Entering Grein in light rain
I had to wait a couple of hours in Grein for a shuttle to take us up the 5 km long climb to the Hotel Aumühle, the only hotel in my tour that was not close to the Donauradweg. I walked around the pretty little town taking photos in the occasional sunshine.

I was ready to move right in to this little cottage

By the time I got to the hotel and unpacked rain had started falling steadily. I was happy to stay inside. I had stopped at a Hofer supermarket where I bought some nice takeaway food; herring in sour cream, cheese stuffed chili peppers, yogurt and sparkling water. I had biked 70 km (43 miles) in 5 hours and 15 minutes.

That night whenever I woke up, images of Mauthausen and what happened there 70 years ago flooded my mind.


Wikipedia: Mauthausen Concentration Camp

United States Holocaust Memorial Museum

Reading: Wild, from lost to found on the Pacific Crest Trail, Cheryl Strayed (Kindle ed.)

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Wednesday, April 16, 2014

Danube Bike Trip — Day 2

Hotel Donnauschlinge to Linz

The first part of the day was bicycling at its best. I left the hotel after another sumptuous breakfast and started south along the Donauradweg. It was cool and overcast but quiet and calm, perfect biking weather. By my calculations the day's run to Linz was going to be roughly 56 km, about 35 miles. Back in the day that would be a piece of cake for me. I used to do the 29-mile North Fork Loop in just a few hours. and it involves some big hills. These days I'm used to riding a bike with a big comfortable seat, and a motor, not to mention being 10 years older, so I worried that 35 miles might present a bit of a challenge. After a few minutes riding though I felt that all was right in the world. I was zipping along listening to the birdsong and going with the flow, literally, through some country that, while not as wild as Alaska, was agreeably rustic and quite beautiful. Heavy forest rims both shores of the Donau along here.

A very pleasant bike path

Smooth running
There are a bunch of us doing the same tour with Eurobike and we pass one another now and again, exchanging hellos and see ya' laters when we do.

Fellow travelers

View of Untermuhl, Austria

The 20 km from the Donauschlinge south to Aschach has got to be one of the nicest pieces of cycleway in the world. I enjoyed every second of it. At Aschach I crossed the river again to proceed along the north shore to just before Linz where I crossed it again. The Eurobike staff provide a guidebook and maps and make suggestions about which side is most scenic or easiest to travel. That means we often find ourselves on bridges, taking a ferry or crossing at one of several power projects that span the mighty Donau. The second part of this day's travel wasn't in the same class as those first 20 kms. The path traversed some farm country and a few long, straight stretches that were a bit of a slog. The last 10 km were predictably unpleasant as traffic intensified the closer we got to Linz.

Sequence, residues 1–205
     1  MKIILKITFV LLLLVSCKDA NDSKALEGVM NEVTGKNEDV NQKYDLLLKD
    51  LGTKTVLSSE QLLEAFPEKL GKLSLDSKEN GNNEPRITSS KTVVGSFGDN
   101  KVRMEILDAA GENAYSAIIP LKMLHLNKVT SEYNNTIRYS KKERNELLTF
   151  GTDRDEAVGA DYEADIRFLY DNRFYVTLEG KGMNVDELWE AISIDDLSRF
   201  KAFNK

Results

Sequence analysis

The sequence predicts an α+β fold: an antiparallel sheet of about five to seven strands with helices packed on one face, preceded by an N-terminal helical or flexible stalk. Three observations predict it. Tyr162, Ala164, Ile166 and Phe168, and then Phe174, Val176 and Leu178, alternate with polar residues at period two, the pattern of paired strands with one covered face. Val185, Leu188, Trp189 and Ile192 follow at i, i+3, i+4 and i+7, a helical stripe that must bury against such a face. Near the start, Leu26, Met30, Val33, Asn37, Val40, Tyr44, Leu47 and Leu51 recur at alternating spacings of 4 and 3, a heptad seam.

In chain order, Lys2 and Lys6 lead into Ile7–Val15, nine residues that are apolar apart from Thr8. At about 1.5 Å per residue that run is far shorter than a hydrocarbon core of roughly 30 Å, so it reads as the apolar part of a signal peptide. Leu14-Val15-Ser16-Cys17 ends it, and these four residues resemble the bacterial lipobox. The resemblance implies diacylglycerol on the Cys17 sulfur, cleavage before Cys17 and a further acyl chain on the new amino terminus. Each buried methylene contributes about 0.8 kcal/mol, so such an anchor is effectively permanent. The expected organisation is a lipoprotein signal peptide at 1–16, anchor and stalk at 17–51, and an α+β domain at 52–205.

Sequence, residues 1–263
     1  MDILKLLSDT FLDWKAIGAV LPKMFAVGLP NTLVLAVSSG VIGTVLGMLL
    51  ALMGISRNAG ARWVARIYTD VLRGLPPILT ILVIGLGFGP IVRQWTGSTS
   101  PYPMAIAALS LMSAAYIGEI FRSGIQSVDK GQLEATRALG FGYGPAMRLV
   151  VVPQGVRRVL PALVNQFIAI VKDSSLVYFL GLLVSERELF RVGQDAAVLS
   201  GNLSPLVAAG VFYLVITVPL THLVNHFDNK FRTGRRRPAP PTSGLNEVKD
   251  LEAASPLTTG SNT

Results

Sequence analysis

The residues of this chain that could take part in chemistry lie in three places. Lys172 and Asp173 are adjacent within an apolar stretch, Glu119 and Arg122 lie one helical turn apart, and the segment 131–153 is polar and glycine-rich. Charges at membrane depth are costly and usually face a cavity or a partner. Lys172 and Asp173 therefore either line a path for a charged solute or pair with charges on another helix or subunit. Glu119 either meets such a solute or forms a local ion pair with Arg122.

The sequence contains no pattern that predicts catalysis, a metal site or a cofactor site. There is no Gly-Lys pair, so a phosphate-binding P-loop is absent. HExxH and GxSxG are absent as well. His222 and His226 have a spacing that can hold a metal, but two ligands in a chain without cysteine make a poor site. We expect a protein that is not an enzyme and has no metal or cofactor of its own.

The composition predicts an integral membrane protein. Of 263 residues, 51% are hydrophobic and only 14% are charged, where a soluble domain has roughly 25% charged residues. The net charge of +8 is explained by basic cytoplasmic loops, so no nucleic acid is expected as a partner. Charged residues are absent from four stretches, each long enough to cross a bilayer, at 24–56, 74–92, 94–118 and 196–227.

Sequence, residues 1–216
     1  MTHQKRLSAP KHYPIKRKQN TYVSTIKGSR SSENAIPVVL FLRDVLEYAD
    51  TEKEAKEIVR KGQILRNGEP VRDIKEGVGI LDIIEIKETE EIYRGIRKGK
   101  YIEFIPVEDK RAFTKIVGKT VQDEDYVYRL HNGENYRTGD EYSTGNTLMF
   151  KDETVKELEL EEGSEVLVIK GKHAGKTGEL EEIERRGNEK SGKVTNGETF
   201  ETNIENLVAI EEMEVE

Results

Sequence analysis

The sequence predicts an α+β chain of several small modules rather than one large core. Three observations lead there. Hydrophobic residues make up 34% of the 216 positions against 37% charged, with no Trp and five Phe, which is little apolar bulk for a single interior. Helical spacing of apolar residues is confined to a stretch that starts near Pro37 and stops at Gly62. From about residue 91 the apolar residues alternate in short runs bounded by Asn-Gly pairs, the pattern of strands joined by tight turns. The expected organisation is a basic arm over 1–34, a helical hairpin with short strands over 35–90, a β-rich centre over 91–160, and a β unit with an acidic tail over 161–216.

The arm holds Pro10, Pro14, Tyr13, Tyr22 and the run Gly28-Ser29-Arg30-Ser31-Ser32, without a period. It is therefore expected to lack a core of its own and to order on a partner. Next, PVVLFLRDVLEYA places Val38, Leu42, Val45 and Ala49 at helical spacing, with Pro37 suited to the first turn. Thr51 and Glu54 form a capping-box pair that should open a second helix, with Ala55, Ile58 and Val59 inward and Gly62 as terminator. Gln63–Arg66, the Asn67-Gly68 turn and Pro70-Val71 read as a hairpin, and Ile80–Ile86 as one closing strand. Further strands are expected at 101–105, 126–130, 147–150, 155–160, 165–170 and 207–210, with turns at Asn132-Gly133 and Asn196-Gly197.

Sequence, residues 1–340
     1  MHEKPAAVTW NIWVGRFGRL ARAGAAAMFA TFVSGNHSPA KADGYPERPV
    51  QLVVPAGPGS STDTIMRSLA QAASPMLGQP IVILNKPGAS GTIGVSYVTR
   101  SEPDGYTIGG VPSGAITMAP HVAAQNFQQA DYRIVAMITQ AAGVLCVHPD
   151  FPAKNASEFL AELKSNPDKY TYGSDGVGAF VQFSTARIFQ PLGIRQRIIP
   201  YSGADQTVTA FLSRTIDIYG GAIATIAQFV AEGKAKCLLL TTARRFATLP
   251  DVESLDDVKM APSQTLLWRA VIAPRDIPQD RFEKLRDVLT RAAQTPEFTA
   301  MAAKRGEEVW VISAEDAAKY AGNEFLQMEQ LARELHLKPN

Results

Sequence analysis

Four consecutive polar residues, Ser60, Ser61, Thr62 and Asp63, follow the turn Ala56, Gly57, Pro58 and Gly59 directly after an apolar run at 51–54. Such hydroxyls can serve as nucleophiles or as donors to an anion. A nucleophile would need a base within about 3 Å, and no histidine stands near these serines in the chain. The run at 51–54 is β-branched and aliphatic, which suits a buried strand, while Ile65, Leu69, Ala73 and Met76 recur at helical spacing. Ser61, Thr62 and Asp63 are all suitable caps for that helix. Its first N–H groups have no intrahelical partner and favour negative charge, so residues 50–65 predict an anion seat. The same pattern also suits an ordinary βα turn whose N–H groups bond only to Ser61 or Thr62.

A gravel forest road runs alongside the bikepath here

I had a good tail wind on these straight stretches and that really, really helps. The few riders I saw going the opposite way were fighting for every inch of forward motion with heads down and clothing slapping in the fresh breeze. No thanks. Been there, done that.

I had been noticing a smaller gravel road, a forest service road, paralleling the bike path. I decided to ride it for a while just for a change of scene.

Out of the wind — a good place for a rest
Just as I hopped on the bike after this break a few raindrops began to fall. I got back on the main bikepath and kicked the pace up a notch. The rest of the ride was boring and noisy — lots of vehicular traffic, all of it going fast.

The last few miles before Linz
I found my hotel, the Arcotel Nike-Linz, which is a ritzy high-rise in a lovely green area of Linz. I was tired from the trip, and my butt was sore but I thought I should check this city out, a city much loved by Mozart, and Hitler, but just as I was getting ready for my shower I heard the wind just howling outside. The rain which had held off all day was slashing down, blowing horizontally in a torrential downpour. I had unwittingly beat it to Linz by just 15 minutes.